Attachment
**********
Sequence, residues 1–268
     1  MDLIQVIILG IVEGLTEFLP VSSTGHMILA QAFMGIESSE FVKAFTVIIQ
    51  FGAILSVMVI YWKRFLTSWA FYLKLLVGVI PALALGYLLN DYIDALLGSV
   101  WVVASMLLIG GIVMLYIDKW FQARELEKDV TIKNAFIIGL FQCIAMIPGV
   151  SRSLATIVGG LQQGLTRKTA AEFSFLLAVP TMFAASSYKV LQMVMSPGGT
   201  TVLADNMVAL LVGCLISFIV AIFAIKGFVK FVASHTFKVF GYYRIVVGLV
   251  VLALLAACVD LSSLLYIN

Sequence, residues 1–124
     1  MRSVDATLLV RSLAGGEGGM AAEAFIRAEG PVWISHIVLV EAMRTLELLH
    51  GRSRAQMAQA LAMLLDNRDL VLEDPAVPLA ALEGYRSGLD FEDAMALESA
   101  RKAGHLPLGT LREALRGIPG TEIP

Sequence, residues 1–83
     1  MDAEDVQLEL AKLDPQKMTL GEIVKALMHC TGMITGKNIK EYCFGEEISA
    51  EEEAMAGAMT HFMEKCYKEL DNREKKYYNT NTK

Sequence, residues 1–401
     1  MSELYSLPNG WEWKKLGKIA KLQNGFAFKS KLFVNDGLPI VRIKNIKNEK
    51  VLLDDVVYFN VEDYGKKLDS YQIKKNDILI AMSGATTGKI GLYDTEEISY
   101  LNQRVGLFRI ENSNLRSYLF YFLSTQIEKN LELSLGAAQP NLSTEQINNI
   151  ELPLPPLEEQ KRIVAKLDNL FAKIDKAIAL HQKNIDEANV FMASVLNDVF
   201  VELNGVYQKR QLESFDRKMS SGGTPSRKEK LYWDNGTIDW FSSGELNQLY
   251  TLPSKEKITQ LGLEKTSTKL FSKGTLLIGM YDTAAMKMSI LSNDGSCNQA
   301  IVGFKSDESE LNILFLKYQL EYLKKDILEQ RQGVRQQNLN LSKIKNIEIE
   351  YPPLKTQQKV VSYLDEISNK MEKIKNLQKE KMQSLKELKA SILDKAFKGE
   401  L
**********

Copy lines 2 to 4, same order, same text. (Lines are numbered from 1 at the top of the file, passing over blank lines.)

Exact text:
     1  MDLIQVIILG IVEGLTEFLP VSSTGHMILA QAFMGIESSE FVKAFTVIIQ
    51  FGAILSVMVI YWKRFLTSWA FYLKLLVGVI PALALGYLLN DYIDALLGSV
   101  WVVASMLLIG GIVMLYIDKW FQARELEKDV TIKNAFIIGL FQCIAMIPGV